Federal prosecutors have also brought a forfeiture action against the property into which the proceeds of the alleged fraud were funneled. This property included Levitis’s Rasputin Restaurant and Nightclub in Brooklyn; various business and personal bank accounts; and certain real property and luxury items owned by Levitis, his wife, Marina (former cast member of the reality television show Russian Dolls), and his mother, Eva. See Complaint, In re Rasputin Restaurant/Nightclub, 13-cv-03069 (S.D.N.Y. May 7, 2013). The matter is noteworthy not only for the personalities involved but for how federal prosecutors learned about the potential crimes. After the CFPB referred the matter to the U.S. Attorney’s Office for the Southern District of New York in September 2012, federal prosecutors worked with the U.S. Postal Inspection Service to investigate and build a criminal case against Mission. Wiretaps were used to record calls with Mission employees, including calls made by an undercover law-enforcement agent and by a cooperating witness who posed as a Mission customer for several months.
In a parallel action, the CFPB initiated civil proceedings against Mission, Levitis, Levitis’s law office, a second law firm, and a consulting firm that allegedly participated in misleading consumers about the services offered and fees charged for Mission’s services. See Complaint, CFPB v. Mission Settlement Agency, Civ. No. 13-3064 (S.D.N.Y. May 7, 2013). The CFPB is seeking restitution of all unlawfully collected fees, disgorgement of profits, civil penalties, and attorney fees for alleged violations of the Consumer Financial Protection Act of 2010, the Telemarketing and Consumer Fraud and Abuse Prevention Act, and the Telemarketing Sales Rule. 12 U.S.C. §§ 5531(a), 5536(a), 5564(a), 5581; 15 U.S.C §§ 6102(c)(2), 6105(d); 16 C.F.R. § 30 et seq.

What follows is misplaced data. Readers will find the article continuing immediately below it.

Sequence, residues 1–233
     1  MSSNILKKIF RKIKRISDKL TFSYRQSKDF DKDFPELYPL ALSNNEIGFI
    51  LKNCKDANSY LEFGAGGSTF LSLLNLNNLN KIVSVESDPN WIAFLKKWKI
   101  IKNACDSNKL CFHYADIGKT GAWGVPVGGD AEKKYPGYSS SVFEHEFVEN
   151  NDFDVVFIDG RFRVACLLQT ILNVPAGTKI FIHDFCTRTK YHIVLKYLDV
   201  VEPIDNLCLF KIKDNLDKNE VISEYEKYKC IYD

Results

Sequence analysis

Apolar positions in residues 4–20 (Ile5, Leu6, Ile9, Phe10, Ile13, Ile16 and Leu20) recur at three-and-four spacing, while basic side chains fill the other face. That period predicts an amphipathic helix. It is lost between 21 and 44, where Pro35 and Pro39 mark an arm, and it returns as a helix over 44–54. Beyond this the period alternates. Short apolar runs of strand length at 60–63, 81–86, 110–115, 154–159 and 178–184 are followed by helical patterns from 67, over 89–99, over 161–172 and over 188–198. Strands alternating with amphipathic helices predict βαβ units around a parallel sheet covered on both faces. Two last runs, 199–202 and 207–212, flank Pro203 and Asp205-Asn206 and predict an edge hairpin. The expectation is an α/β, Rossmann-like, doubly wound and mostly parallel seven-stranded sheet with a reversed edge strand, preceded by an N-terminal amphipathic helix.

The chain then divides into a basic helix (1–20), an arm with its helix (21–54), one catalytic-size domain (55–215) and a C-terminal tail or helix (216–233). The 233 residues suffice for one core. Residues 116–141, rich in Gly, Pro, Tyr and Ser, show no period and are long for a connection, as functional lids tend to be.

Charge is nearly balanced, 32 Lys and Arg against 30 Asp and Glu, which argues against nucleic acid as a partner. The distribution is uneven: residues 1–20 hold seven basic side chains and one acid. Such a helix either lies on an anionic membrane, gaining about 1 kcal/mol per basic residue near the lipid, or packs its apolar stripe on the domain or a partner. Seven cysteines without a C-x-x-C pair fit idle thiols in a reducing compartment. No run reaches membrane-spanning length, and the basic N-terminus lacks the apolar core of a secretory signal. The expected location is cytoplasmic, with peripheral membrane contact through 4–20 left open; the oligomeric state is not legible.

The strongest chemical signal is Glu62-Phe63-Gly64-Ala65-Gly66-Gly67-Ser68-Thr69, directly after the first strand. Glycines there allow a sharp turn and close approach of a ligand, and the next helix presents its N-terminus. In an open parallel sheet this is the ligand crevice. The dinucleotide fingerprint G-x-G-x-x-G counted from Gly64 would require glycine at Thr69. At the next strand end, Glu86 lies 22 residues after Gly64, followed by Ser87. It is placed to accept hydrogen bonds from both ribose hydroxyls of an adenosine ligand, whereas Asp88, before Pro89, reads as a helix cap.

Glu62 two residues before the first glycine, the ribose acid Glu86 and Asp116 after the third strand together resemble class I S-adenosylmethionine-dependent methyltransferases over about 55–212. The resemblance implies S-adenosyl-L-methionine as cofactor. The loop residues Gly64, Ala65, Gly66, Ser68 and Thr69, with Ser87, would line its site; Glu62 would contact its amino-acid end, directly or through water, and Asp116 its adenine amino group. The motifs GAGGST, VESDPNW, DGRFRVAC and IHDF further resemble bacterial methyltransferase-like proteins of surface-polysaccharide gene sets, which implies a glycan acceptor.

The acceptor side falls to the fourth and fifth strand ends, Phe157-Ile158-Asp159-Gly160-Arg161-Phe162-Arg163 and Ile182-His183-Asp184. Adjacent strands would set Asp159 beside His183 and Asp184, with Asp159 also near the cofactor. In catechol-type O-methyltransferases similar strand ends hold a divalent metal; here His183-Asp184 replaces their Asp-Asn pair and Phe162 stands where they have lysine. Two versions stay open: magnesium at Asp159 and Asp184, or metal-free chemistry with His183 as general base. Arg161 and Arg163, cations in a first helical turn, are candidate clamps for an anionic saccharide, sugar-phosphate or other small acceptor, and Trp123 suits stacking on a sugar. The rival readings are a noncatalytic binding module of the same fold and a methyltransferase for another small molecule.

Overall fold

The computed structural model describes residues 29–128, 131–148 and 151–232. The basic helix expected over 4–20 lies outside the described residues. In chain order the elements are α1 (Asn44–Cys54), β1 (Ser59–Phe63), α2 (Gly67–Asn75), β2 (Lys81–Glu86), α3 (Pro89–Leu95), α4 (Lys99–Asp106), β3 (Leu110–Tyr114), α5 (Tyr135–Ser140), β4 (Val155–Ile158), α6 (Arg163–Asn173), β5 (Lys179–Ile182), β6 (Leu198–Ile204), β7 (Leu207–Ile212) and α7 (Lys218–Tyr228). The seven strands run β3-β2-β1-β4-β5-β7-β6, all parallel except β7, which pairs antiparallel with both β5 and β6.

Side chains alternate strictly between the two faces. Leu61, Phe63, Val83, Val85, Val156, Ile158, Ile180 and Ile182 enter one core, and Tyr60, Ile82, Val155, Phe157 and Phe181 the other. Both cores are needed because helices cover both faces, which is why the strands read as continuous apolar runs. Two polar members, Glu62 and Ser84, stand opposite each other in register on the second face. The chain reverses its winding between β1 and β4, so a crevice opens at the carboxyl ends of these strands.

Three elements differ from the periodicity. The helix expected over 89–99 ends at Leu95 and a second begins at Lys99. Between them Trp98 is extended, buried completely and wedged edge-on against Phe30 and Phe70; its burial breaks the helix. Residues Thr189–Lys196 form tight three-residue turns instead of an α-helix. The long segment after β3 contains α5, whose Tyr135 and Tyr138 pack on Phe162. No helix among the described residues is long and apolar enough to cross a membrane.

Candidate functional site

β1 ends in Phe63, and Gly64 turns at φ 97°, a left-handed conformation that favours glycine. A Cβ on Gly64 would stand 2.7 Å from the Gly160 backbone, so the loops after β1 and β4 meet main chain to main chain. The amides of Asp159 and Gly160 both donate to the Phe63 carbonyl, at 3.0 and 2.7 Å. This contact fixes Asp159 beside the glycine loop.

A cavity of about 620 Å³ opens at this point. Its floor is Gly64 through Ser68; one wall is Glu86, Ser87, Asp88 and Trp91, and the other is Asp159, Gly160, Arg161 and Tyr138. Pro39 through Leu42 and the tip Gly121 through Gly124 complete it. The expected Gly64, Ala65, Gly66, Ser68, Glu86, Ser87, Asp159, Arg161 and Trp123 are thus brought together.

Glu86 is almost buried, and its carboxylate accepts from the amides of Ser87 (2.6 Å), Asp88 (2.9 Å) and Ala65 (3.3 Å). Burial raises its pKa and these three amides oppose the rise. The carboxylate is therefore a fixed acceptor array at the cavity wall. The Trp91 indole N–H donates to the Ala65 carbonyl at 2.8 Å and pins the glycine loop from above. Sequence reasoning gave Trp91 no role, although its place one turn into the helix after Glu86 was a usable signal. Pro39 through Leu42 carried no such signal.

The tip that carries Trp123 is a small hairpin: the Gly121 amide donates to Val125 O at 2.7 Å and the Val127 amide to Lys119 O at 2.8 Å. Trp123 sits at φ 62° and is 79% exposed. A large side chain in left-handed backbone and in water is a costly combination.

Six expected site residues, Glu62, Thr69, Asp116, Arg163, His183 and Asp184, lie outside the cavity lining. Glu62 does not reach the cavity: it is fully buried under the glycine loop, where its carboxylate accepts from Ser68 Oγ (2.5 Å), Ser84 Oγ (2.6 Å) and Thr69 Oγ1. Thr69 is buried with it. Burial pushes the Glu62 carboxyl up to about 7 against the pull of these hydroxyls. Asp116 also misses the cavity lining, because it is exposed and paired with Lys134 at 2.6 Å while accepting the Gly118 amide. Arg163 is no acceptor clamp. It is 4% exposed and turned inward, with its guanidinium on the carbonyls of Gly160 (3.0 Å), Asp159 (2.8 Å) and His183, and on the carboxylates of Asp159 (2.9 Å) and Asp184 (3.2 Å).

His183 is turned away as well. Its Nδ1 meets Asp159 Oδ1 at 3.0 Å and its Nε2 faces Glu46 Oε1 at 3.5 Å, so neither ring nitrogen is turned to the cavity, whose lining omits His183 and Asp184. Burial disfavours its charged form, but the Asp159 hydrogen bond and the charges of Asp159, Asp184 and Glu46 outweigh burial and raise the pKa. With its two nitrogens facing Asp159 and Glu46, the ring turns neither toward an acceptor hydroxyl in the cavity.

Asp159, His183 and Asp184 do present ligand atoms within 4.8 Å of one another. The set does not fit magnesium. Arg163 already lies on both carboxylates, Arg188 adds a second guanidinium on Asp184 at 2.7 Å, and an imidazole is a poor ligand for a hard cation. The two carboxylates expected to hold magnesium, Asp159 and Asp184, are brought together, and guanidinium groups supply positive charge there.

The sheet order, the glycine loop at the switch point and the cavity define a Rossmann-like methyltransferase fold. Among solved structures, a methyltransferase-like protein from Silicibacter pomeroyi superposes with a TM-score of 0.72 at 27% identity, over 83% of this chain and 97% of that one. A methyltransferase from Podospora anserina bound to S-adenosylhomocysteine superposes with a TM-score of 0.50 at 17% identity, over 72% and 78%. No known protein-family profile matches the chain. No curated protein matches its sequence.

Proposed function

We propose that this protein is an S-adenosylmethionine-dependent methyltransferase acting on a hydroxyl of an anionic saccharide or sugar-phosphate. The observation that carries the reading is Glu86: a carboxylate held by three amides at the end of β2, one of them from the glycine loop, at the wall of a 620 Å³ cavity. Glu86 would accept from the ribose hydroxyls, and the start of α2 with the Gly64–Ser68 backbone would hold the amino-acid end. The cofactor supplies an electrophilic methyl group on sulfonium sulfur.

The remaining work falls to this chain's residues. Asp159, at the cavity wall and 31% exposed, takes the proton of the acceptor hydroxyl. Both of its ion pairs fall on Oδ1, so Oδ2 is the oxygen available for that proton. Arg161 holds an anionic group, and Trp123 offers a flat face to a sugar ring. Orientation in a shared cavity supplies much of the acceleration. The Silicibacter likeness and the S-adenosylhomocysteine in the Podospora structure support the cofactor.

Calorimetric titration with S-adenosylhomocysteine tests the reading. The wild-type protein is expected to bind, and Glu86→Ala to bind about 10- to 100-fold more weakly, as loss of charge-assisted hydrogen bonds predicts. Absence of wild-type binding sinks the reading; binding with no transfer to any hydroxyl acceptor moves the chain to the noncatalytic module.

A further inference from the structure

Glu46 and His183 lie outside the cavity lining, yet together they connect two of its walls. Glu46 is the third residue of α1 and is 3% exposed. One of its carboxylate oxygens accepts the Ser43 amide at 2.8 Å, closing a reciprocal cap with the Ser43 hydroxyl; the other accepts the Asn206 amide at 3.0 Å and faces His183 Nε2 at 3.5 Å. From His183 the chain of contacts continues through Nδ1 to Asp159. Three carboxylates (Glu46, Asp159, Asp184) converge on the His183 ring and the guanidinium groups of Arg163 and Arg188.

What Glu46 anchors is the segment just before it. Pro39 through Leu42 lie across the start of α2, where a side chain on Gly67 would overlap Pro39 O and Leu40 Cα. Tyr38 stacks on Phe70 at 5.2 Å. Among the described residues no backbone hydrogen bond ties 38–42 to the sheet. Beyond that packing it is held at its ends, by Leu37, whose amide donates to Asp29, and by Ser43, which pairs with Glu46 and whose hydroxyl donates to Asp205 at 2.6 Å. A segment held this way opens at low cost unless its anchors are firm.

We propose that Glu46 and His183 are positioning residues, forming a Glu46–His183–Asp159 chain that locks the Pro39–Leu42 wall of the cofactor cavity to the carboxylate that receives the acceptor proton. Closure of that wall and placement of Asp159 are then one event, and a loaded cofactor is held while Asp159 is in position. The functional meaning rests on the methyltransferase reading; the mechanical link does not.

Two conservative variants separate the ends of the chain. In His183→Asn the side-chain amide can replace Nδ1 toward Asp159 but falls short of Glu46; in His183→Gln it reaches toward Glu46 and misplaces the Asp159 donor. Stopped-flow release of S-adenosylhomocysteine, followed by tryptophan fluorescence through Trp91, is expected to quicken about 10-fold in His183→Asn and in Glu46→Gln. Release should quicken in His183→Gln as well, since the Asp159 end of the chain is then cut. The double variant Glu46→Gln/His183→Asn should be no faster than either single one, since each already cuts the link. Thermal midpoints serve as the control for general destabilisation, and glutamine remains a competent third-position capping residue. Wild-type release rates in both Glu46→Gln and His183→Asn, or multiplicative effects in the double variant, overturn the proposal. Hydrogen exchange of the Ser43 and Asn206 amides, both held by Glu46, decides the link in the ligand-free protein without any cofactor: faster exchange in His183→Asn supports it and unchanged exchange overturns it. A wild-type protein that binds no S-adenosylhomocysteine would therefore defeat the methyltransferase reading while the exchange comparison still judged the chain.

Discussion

Expect Continued Cooperation
The Mission matter illustrates the coordination taking place between the Department of Justice and the CFPB in enforcing consumer financial-protection laws and suggests that this is the first of many actions to come. In a press release issued on May 7, 2013, U.S. Attorney Preet Bharara all but promised to bring more actions based on referrals from the CFPB, calling the case “a harbinger of an especially potent partnership between this Office and the CFPB that will benefit hardworking Americans everywhere.” Notwithstanding the opposition voiced about the need for the CFPB, there appears to be little criticism of the enforcement actions taken by the CFPB to date, including the recent referral of the Mission matter for criminal prosecution.
Keywords: criminal litigation, Consumer Financial Protection Bureau, CFPB, Dodd-Frank, federal consumer financial protection laws
Jill Baisinger is counsel and Erin Yates is an associate at Weil, Gotshal & Manges LLP in Washington, D.C.